[quote authorpentance link=topic=53458.msg637809#msg637809 date=1322786547]
Again, my question is about independent, unlicensed LD exchanges (completely independent from Linden Labs and completely unlicensed), accepting deposits of hard currencies by way of Paypal: why is it different from a BTC exchange ?
LDs are used outside of Second life, in contradiction with LL TOS..
Are any of those exchanges transferring user funds from their Paypal account to a French bank account?
How many LD exchanges have come and gone over the years?
+1, I'd be interested to know if any have been around as long as Gox, or do a comparable volume in USD.
The internal Second Life economy alone trades hundreds of millions of dollars annually according to Linden Lab. The external market is probably considerably larger. You've got the Lindex, which is the official SL exchange. You've got exchanges which are classified as resellers by Linden Lab, and then you've got the exchanges which operate in the wild.
Another important point to remember is that Linden Lab can and does take Linden Dollars away from avatars. They have a risk API which they share with external exchanges and they do track problem transactions and take back fraudulently obtained coins. Bitcoin exchanges can track where fraudulently obtained coins have gone via the blockchain, but they have no power to retrieve those coins - this makes accepting payment methods which can be charged back months later far less attractive to Bitcoin exchanges.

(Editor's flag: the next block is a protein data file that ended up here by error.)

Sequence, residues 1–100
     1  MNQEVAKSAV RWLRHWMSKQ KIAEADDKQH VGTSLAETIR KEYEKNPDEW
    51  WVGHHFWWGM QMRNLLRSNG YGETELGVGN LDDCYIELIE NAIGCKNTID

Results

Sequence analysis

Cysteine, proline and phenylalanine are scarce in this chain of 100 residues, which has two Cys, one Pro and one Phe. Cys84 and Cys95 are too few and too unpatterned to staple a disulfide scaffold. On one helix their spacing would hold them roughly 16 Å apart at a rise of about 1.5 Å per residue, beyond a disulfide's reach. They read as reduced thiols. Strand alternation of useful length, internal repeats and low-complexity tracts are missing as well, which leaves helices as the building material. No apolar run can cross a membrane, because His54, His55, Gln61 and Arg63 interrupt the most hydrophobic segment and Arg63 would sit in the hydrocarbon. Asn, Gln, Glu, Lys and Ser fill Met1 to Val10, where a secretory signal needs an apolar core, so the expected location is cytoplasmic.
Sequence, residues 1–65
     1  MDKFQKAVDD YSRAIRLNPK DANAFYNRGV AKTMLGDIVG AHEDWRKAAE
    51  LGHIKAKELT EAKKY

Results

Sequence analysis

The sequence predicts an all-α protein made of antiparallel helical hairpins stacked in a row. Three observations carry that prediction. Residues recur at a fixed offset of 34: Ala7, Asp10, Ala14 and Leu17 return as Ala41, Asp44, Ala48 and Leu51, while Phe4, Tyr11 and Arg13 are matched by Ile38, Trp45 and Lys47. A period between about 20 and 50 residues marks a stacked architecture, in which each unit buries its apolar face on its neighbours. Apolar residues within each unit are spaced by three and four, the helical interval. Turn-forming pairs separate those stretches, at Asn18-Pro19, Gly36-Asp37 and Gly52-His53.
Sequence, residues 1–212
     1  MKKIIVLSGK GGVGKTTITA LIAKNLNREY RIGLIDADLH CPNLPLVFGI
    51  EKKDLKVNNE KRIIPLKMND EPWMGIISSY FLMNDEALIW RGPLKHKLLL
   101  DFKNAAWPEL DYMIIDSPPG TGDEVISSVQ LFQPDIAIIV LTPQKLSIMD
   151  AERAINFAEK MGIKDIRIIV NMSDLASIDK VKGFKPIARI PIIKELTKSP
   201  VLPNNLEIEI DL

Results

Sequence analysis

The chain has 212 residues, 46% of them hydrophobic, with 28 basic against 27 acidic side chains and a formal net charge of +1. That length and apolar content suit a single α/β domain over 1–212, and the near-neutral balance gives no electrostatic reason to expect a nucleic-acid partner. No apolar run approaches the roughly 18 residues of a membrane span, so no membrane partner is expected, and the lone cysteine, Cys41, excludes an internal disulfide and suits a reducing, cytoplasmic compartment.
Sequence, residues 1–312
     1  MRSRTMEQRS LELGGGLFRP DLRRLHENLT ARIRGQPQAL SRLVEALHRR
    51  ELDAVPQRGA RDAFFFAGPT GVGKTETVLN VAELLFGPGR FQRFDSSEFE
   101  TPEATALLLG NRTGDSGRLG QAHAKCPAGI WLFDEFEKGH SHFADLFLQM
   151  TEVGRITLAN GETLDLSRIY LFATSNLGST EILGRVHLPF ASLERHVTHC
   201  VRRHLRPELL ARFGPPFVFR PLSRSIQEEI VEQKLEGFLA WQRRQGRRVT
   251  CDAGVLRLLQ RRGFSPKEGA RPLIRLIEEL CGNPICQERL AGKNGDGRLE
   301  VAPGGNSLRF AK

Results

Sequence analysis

A quick Google search brought up a shit-ton of services which exchange Linden Dollars for other fiat and digital currencies. A lot of these seem to operate as currency exchanger
services - something which Mark has said in the past he emphatically doesn't intend MtGox to be - which are often regulated differently than commodity/stock exchange services (which is closer to how MtGox operates except that facilitate the trading of only one commodity).
Linden Lab itself actually collects VAT on European transactions between itself and its users and defines LD as a "digital service". They're careful to state that LD themselves have no intrinsic value.
PayPal itself had to fight many legal battles in its infancy and is regulated quite differently in different jurisdictions. It's a licensed bank in Luxembourg largely because it encountered so many regulatory issues in Europe. In some other nations it can only process domestic payments. For a long time PayPal tried to claim that it was merely an escrow service but it's clearly not in many jurisdictions because it also acts as a custodian of user funds in excess of those needed for individual transactions. It holds user balances until they are withdrawn or otherwise spent by the user and that also means it's not just a money transmitter.
There's no one universal law which is going to apply to Bitcoin exchanges throughout the world. They'll have to adapt to the local regulatory environment just like payment processors, money transmitters, deposit-takers, and other businesses acting as financial intermediaries do. Licensing is only one issue. AML/CTF compliance is another issue with which they're going to have to grapple in many countries.